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Paleontologists Give Madagascar’s Fiercest Dinosaur a Hand

66 million years ago, the fearsome, meat-eating dinosaur Majungasaurus crenatissimus prowled the semi-arid lowlands of Madagascar.

Its powerful jaws bristled with bladelike teeth, and its strong legs terminated in formidable claws. Not even its own kin were safe, for given the chance, Majungasaurus was known to engage in cannibalism. Now, a new study published in the Journal of Vertebrate Paleontology shows that there was one part of its dreadful form that was not to be feared: its arms.

First discovered in 1895, Majungasaurus became well known through hundreds of fossils recovered by the joint Mahajanga Basin Project of Stony Brook University and the Université d’Antananarivo between 1993 and 2007. Nearly every structure – from its cranial sinuses to an injury on its tail – has been described in great detail. But the anatomy of Majungasurus’ forelimb has remained a mystery until now.

Lead author Sara Burch, of Stony Brook University, says the arm of Majungasaurus epitomizes the unique forelimb anatomy of abelisaurids, a group of theropod dinosaurs known almost exclusively from southern landmasses collectively known as Gondwana. “The proportions of this limb are unlike anything we see in other theropods. The forearm bones are short, only a quarter of the length of the humerus (upper arm bone), but extremely robust. The wrist bones aren’t even ossified, and the stubby fingers probably lacked claws. The proportions are so strange, it ends up looking like a hand stuck on the end of a humerus.”

Limb reduction is nothing new for theropods; it’s accentuated in the caricature of the mighty Tyrannosaurus rex. Terrifying, to be sure, but with arms too puny to scratch its own face. “Another group of theropods, the alvarezsaurs, go their own odd way with limb reduction,” says co-author Matthew Carrano of the Smithsonian Institution. “These dinosaurs also had very short hands and very short forearms.” And modern-day theropods (those feathered fellows you see flying around) have even lost some digits through evolution. Might one of these scenarios explain the anatomy of Majungasaurus? Not likely, says Burch. “While many theropods have reduced limbs, most retain their normal proportions. We don’t know of any other case where the forearm bones have become more robust in this way. Abelisaurids like Majungasaurus were clearly on a completely different trajectory from the lineage leading to birds.”

With no modern analogs, it’s difficult to speculate on how this stubby forelimb was used. But, says Burch, “grasping is out of the question – there’s no way this animal was doing much manipulation with such a reduced hand. The joint anatomy suggests great mobility at the elbow and wrist, but the individual digits probably could not have moved independently.” The limb may have been used in display, or it may represent an unknown evolutionary path that was cut short by the Cretaceous-Tertiary extinction.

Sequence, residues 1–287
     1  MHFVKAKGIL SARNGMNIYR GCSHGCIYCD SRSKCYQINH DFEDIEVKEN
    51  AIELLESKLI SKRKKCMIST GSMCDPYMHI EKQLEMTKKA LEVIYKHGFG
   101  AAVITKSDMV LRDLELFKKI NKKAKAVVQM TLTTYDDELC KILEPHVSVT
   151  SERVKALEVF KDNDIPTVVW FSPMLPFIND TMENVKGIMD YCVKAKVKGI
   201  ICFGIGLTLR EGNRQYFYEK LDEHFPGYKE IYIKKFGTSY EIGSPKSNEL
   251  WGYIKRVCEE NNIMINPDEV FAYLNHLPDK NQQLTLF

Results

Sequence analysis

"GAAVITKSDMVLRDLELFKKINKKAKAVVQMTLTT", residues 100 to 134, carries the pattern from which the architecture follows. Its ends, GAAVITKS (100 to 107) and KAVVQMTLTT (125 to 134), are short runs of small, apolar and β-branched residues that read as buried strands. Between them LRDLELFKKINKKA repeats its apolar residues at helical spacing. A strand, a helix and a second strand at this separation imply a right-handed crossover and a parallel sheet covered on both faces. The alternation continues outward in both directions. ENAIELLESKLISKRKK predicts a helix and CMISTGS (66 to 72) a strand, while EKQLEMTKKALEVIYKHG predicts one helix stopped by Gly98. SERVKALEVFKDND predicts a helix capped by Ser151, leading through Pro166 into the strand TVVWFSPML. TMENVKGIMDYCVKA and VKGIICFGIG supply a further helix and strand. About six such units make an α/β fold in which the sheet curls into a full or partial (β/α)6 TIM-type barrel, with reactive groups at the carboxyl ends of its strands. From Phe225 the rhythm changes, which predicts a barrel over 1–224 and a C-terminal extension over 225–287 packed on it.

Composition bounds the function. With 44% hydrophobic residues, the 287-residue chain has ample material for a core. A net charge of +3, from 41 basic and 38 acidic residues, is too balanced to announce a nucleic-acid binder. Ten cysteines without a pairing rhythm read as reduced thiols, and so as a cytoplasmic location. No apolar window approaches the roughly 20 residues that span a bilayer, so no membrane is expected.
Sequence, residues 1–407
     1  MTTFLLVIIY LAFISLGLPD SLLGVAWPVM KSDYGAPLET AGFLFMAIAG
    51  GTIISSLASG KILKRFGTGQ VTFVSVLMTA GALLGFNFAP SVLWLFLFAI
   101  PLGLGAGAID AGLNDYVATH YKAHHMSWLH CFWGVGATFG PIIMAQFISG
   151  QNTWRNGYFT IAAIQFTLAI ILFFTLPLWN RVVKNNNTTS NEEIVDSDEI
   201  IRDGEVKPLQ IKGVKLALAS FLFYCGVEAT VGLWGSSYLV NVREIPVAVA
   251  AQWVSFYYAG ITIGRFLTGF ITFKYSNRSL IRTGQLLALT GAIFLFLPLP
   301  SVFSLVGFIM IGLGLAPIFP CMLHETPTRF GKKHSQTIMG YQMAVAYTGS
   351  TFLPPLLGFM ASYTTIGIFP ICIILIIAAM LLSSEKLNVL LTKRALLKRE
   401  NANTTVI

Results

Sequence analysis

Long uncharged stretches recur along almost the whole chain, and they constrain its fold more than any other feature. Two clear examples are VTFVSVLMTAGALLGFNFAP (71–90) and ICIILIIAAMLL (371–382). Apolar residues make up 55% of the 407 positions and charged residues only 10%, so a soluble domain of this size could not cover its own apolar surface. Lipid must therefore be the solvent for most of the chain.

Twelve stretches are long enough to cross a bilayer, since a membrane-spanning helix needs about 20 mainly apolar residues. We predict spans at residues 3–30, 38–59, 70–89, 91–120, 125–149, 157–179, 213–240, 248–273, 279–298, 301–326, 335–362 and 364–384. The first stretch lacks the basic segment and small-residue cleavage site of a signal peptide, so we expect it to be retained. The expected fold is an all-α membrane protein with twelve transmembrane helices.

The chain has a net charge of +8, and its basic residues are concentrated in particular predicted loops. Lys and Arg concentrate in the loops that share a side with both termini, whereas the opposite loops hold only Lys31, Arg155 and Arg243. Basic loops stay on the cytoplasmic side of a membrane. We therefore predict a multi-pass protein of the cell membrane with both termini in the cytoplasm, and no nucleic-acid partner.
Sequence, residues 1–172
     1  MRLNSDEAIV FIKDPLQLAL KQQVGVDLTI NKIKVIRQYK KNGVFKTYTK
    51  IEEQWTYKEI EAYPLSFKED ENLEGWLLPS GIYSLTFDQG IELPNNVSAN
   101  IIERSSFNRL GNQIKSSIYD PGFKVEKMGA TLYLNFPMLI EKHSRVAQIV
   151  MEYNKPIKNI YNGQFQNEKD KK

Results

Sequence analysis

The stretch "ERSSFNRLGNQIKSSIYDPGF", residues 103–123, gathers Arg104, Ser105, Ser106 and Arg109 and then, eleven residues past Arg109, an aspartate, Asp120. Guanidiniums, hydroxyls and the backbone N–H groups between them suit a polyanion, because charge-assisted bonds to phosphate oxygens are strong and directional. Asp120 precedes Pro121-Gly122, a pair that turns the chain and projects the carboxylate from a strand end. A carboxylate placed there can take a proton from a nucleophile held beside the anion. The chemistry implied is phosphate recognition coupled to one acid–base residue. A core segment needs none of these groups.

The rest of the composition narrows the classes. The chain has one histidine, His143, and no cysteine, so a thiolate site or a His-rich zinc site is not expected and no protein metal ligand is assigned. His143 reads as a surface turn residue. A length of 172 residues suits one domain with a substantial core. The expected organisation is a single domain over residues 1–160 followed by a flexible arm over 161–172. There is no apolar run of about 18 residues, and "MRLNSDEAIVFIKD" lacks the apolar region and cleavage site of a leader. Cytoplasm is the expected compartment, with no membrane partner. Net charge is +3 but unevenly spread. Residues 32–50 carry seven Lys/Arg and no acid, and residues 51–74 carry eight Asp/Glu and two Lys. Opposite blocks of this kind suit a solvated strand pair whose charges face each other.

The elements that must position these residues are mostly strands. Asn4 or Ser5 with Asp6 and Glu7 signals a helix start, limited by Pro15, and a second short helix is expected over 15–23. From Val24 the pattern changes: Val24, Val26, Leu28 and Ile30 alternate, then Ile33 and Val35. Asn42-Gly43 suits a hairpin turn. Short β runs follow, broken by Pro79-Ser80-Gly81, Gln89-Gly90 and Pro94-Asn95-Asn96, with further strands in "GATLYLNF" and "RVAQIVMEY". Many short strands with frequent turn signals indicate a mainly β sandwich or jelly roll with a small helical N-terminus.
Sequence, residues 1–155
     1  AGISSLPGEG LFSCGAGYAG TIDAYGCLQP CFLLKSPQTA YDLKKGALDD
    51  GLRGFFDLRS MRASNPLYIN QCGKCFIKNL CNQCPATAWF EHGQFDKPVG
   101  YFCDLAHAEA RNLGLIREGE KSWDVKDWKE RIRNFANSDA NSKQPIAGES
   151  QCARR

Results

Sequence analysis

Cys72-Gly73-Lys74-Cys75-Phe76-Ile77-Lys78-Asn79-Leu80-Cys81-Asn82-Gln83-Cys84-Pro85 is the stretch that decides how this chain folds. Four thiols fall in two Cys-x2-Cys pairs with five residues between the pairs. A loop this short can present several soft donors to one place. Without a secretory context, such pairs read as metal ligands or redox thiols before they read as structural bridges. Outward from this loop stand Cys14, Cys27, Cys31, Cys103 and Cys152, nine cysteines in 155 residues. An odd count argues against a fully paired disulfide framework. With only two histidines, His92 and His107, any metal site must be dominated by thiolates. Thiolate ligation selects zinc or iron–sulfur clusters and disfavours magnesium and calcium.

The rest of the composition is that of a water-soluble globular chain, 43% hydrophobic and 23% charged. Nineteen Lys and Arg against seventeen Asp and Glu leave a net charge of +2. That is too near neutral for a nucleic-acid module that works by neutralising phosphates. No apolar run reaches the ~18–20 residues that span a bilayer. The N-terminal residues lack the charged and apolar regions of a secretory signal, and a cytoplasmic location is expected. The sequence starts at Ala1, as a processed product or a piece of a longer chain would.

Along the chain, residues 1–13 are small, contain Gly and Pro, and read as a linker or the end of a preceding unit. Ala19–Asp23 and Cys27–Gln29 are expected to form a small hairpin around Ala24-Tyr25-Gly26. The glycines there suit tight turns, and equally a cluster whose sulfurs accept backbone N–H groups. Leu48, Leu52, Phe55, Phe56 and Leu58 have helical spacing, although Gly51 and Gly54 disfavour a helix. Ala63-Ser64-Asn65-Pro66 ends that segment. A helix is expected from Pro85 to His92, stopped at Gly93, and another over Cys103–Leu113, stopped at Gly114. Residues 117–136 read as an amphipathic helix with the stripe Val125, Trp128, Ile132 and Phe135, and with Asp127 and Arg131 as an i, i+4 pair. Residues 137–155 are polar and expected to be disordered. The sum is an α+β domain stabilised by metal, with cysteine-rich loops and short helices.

Paleontologist Jonah Choiniere of the American Museum of Natural History, who was not involved with the study, says that the arm of Majungasaurus provides crucial information about theropod evolution. “Until now, most knowledge of the forelimb in abelisaurids has come from two South American species, Carnotaurus sastrei and Aucasaurus garridoi. Thanks to this study, we now know that this morphology was more widespread throughout Gondwana during the Late Cretaceous. What’s more, we now have a solid base for understanding forelimb anatomy in abelisaurids. The next steps are to relate the anatomy to other, more basal theropods and develop robust evolutionary hypotheses for how this bizarre forelimb evolved.”

Founded in 1940 by thirty-four paleontologists, the Society now has more than 2,300 members representing professionals, students, artists, preparators and others interested in vertebrate paleontology. It is organized exclusively for educational and scientific purposes, with the object of advancing the science of vertebrate paleontology.
The Journal of Vertebrate Paleontology
The Journal of Vertebrate Paleontology (JVP) is the leading journal of professional vertebrate paleontology and the flagship publication of the Society. It was founded in 1980 by Dr. Jiri Zidek and publishes contributions on all aspects of vertebrate paleontology.

For complimentary access to the full article beginning January 13, 2012, visit:

The article appears in the Journal of Vertebrate Paleontology 32(1) published by Taylor and Francis.

Citation: S. H. Burch and M. T. Carrano. An articulated pectoral girdle and forelimb of the abelisaurid theropod Majungasaurus crenatissimus from the Late Cretaceous of Madagascar. Journal of Vertebrate Paleontology 32(1).

Journal Web site: Society of Vertebrate Paleontology:


Sarah H. Burch
Department of Anatomical Sciences
Stony Brook University
Stony Brook, New York, U.S.A.
Matthew T. Carrano
Department of Paleobiology
Smithsonian Institution
Washington, District of Columbia, U.S.A.
Jonah Choiniere
Division of Paleontology
American Museum of Natural History
New York, NY, U.S.A.
Kristi Curry Rogers
Biology and Geology Departments
Macalester College
Phone: +1-651-331-6815 (cell)

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